Ambivalent Embrace: Jewish Upward Mobility in Postwar America.

Author:Laughlin, Kathleen A.

Ambivalent Embrace: Jewish Upward Mobility in Postwar America. By Rachel Kranson. Chapel Hill: University of North Carolina Press, 2017. 232 pp.

Rachel Kranson's engaging cultural history of Jewish life in postwar America complements revisionist histories of the postwar years that interrogate the notion that the 1950s was an idyllic time characterized by an easy conformity and uncritical ideological consensus. She carefully explores the underlying tensions within the upwardly mobile Jewish community, which eventually contributed to the emergence of a Jewish counterculture in the late 1960s and 1970s. In a search for authenticity, when an increasing number of Jews were joining the ranks of the suburban middle class, postwar Jewish thought leaders romanticized a Jewish cultural life shaped by social isolation and economic vulnerability. Jews coming of age in the 1960s, empowered and inspired by wider critiques of conformity promulgated by social movements, especially from within the New Left, were similarly eager to construct an authentic Jewish identity. Just as historians of African Americans, gays and lesbians, and women have discovered preconditions to the activism of the 1960s and 1970s in nascent critiques of the white supremacy, heteronormative dominance, and oppressive gender ideals in postwar America, Kranson sees continuity from critiques of upward mobility in the 1950s to Jewish countercultural impulses in the 1970s.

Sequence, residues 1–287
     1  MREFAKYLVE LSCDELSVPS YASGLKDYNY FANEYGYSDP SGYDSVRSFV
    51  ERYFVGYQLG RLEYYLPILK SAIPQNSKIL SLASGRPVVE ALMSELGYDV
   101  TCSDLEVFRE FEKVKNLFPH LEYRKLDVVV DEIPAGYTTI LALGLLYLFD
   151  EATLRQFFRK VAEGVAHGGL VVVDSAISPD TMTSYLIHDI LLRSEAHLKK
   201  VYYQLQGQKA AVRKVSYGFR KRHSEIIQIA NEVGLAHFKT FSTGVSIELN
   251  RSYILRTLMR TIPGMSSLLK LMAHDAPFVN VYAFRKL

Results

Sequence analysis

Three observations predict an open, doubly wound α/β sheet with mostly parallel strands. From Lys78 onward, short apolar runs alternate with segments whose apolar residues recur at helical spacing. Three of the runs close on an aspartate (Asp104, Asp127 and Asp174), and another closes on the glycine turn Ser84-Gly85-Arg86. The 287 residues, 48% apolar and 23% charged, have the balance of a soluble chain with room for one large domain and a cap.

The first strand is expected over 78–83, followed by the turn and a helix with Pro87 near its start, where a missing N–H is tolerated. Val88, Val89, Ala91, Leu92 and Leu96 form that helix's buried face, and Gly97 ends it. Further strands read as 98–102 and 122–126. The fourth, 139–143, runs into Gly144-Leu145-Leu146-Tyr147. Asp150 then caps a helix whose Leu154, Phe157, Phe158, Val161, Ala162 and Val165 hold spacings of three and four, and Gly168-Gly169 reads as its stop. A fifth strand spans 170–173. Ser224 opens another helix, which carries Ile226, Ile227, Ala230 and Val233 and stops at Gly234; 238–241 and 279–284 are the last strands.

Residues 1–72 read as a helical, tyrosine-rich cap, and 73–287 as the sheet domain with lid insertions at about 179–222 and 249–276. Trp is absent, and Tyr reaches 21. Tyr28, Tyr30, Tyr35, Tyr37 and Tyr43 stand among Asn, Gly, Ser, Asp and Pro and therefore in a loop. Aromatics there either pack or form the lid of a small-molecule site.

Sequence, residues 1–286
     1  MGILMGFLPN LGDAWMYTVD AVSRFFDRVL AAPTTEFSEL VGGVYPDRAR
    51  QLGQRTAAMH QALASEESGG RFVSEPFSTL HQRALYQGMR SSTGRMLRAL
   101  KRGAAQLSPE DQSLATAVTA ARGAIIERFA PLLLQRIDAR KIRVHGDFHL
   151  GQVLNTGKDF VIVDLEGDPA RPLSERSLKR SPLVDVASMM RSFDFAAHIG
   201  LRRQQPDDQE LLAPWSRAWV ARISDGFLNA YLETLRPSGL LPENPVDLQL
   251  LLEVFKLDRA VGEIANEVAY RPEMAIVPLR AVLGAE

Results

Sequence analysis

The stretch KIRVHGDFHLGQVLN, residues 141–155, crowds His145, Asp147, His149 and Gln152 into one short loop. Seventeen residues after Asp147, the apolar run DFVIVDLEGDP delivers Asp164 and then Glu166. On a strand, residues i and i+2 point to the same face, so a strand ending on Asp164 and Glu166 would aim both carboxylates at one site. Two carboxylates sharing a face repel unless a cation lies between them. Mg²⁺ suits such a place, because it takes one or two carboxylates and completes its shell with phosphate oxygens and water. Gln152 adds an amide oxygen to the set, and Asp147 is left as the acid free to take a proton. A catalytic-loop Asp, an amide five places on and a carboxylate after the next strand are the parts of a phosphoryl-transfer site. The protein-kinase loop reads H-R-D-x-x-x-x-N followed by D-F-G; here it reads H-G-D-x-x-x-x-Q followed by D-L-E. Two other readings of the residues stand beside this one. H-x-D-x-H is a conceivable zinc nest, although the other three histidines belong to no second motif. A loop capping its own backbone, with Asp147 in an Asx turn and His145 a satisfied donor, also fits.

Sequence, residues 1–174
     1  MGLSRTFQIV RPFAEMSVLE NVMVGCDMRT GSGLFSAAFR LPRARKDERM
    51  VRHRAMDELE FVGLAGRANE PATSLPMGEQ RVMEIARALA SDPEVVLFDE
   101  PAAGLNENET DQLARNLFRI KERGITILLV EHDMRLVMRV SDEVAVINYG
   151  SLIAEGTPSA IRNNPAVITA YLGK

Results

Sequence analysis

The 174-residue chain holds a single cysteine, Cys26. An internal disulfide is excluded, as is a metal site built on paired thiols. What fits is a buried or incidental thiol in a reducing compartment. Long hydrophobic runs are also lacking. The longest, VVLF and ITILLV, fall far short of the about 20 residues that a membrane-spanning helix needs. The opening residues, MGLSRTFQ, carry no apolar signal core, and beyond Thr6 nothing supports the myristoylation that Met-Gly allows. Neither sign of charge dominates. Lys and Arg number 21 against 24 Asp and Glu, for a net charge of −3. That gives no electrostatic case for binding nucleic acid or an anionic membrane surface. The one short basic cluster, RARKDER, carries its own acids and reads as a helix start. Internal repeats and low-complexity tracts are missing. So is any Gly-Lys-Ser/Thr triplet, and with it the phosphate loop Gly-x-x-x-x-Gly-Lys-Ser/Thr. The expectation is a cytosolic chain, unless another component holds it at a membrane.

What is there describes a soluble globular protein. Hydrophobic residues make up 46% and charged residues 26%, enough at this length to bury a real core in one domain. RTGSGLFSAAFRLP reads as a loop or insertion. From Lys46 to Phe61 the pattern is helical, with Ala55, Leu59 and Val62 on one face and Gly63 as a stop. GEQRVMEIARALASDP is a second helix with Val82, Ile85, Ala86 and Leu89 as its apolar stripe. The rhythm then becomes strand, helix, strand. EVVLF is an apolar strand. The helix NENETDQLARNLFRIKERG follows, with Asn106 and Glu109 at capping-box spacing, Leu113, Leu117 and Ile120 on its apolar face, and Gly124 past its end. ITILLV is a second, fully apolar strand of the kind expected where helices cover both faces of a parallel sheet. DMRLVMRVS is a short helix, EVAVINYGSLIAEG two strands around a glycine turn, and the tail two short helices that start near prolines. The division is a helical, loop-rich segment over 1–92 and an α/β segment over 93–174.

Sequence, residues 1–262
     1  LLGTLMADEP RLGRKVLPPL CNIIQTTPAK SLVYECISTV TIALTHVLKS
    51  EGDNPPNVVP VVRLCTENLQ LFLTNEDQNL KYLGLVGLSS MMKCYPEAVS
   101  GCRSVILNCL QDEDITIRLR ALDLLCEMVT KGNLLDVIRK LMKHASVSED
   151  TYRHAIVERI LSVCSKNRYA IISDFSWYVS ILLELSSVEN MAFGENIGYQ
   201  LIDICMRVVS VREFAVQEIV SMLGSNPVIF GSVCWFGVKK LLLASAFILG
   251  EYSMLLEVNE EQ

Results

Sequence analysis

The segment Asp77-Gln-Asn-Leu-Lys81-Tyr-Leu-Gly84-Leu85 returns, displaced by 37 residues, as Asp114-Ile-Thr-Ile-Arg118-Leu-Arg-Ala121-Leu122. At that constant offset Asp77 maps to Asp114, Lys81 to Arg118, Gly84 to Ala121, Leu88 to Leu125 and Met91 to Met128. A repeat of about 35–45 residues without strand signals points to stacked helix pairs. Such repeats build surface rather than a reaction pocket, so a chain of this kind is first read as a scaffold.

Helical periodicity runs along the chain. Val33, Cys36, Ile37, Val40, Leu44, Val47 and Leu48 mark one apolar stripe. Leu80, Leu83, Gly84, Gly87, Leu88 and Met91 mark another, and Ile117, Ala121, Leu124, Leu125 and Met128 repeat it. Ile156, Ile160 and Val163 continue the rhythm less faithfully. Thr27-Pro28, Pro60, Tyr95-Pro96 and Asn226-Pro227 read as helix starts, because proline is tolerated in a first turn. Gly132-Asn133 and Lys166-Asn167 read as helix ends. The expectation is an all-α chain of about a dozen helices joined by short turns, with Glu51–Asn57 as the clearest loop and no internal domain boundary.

Relying on the works and actions of Jewish leaders, Kranson examines how the process of upward mobility, manifested in a migration from cities to suburbs, raised concerns about the direction of Jewish identity. Employing statistical measures for upward mobility in categories such as educational attainment, entrance to the professions, income, and migration to the suburbs, Kranson implies that Jewish life in postwar America was a profound change that inspired romantic visions of a Jewish identity forged in the past. While "newly prosperous Jews used their growing resources to transform Jewish culture and practice, creating new modes of ritual and socialization that harmonized with their middle-class standing," Jewish leaders attempted to forge a more legitimate Jewish identity that evoked the isolation and poverty experienced in the shtetl and immigrant slums in the U.S. as well as in the creation of a separate state of Israel as a homeland for Holocaust survivors (3). The idealization of these distinctive historical...

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